For the cross-validation procedure, the entire 489-protein set described above was clustered at 30% sequence identity with CD-hit. The resulting 437 sequences were divided randomly into 10 similarly sized sets.

Features

A table of interacting residues was prepared for each PDB chain using the Contacts of Structural Units (CSU) program [24]. Each residue pair in a predicted binary interaction was then used to build the edges of a graph, using the Graph::Undirected module of Perl. The distance between each node of an interacting pair, i.e., the length of an edge, was set at 1. To determine the relative importance of each amino acid in the protein, we calculated the closeness centrality, betweenness centrality and page-rank centrality of each node. Closeness of a node is defined as the inverse of the average geodesic distance (or length of the shortest path) to all other nodes; betweenness indicates how many of the shortest paths between any two nodes in the graph include the subject node; and page-rank centrality is a measure developed for searching web pages in the internet, related to eigenvalue centrality, where an important node is one whose neighbors have many connections to other nodes [49]. For the prediction of functional residues, rather than working with raw centrality values, we calculated the rank percentile of each node for each centrality measure and expressed it as a fraction, so that each node is assigned a value in the interval (0,1]. Closeness and betweenness centrality values were calculated with the Algorithm::SocialNetwork Perl module; page-rank centrality was calculated using the Graph::Centrality module.

The coordinates of the General Center of Mass (GCM) of a protein were determined using the coordinates of the heavy atoms of each residue. For each x, y and z coordinate, the position of the GCM was calculated as <a onClick="popup('http://www.biomedcentral.com/1471-2105/14/63/mathml/M1','MathML',630,470);return false;" target="_blank" href="http://www.biomedcentral.com/1471-2105/14/63/mathml/M1">View MathML</a>, where Mi and Ri are the mass and the corresponding coordinate of atom i. The distance of an amino acid to the GCM was defined as the distance between its Cα and the GCM.

Relative solvent accessibility (RSA) values were calculated using the naccess program [50]. Pearson’s cross correlations were determined with the R statistical package (http://www.r-project.org/ webcite).

For the residue conservation value calculation, the sequence of the protein was extracted from the ATOM records of the PDB file and compared with all the proteins in the non-redundant database of NCBI (NR) using three rounds of PsiBlast with an e-value of 0.001 [51]. A multiple sequence alignment was generated by consolidating the pairwise alignments of the PsiBlast output, using BlastProfiler [52]. To reduce redundancy among hits and to ensure high quality alignments, we required that each hit cover at least 75% of the query sequence (this is the BlastProfiler default) and that the maximum sequence identity between any two hits be at most 95%. We did not apply any additional weighting for each sequence, following the results of Johansson and Toh [53]. To assign a conservation value to each residue in the query sequence, we calculated the relative entropy as described in Wang and Samudrala [54].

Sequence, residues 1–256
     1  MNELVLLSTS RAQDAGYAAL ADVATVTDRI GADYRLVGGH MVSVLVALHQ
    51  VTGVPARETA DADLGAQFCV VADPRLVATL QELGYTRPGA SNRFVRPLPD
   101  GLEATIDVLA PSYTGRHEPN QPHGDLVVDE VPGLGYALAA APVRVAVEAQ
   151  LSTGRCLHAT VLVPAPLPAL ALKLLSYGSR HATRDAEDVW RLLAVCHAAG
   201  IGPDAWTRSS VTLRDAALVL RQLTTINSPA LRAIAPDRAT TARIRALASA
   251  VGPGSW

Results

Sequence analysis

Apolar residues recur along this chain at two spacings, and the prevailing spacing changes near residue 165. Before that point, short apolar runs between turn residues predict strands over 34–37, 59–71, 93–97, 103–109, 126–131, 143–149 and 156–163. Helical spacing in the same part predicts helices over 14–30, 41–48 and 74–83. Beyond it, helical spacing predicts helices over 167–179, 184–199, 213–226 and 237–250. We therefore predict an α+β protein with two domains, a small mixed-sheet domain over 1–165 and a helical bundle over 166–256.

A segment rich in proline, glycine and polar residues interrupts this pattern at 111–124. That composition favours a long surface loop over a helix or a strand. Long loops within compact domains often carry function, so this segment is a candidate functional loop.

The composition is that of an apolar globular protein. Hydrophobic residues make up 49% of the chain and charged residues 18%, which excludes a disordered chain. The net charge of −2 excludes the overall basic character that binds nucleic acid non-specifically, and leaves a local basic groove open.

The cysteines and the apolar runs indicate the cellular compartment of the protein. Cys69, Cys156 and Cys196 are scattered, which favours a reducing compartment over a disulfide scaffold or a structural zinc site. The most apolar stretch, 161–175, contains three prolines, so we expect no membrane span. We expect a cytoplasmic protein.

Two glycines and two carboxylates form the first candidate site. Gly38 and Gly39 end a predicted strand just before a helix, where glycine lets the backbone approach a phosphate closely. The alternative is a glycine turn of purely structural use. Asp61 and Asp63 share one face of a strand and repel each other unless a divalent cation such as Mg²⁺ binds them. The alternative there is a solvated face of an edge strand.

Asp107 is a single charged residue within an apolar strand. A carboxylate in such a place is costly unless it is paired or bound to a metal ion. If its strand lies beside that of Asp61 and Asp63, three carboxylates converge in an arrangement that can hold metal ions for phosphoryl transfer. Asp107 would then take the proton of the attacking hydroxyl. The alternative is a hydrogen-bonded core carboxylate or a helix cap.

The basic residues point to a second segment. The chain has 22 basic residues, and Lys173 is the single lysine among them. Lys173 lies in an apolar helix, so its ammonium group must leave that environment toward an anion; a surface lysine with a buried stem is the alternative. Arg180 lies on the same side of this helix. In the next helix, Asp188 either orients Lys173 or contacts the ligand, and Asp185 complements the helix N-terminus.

Performance measures

The primary measure that we used to monitor performance was the Matthew's Correlation Coefficient, defined as <a onClick="popup('http://www.biomedcentral.com/1471-2105/14/63/mathml/M2','MathML',630,470);return false;" target="_blank" href="http://www.biomedcentral.com/1471-2105/14/63/mathml/M2">View MathML</a>, where TP, TN, FP and FN are the numbers of true positives, true negatives, false positives and false negatives, respectively. Other, more informative measures are used to present the data, including sensitivity (number of functional residues identified divided by the total number of annotated functional residues) and precision (number of functional residues identified divided by the number of residues returned). To facilitate comparisons with other existing methods, we also calculated the F1-measure, which incorporates the concepts of sensitivity and precision in a single number, and is defined as <a onClick="popup('http://www.biomedcentral.com/1471-2105/14/63/mathml/M3','MathML',630,470);return false;" target="_blank" href="http://www.biomedcentral.com/1471-2105/14/63/mathml/M3">View MathML</a>

Neural networks

Supervised, feed forward neural networks with one hidden layer of ten units were trained using the back propagation algorithm [55]. For training, a random sample of 89 structures from the training set was put aside as a verification set, and was used to select the best performing network. The remaining 350 structures were used for the actual training. Since the input is highly unbalanced, with about 100 times fewer functional residues, a random sample of non-functional residues was selected to present the network with the same number of functional and non-functional residues. The residue type was encoded as 20 separate inputs, one for each type. The input corresponding to the relevant residue was assigned a value of 1 and all other inputs were set to zero.

Competing interests

The authors declare that they have no competing interests.

Authors’ contribution

EF: concept, design and carried out the calculations, writing the manuscript; AF concept, design, writing the manuscript. Both authors read and approved the final manuscript.

Acknowledgements

We thank to Dr. Vilas Menon for providing help with the neural network simulations, Dr. Kamil Khafizov for helping with clustering large databases and Dr. Enghui Yap for commenting on the manuscript. Funding is provided by NIH U54GM094662 and GM096041.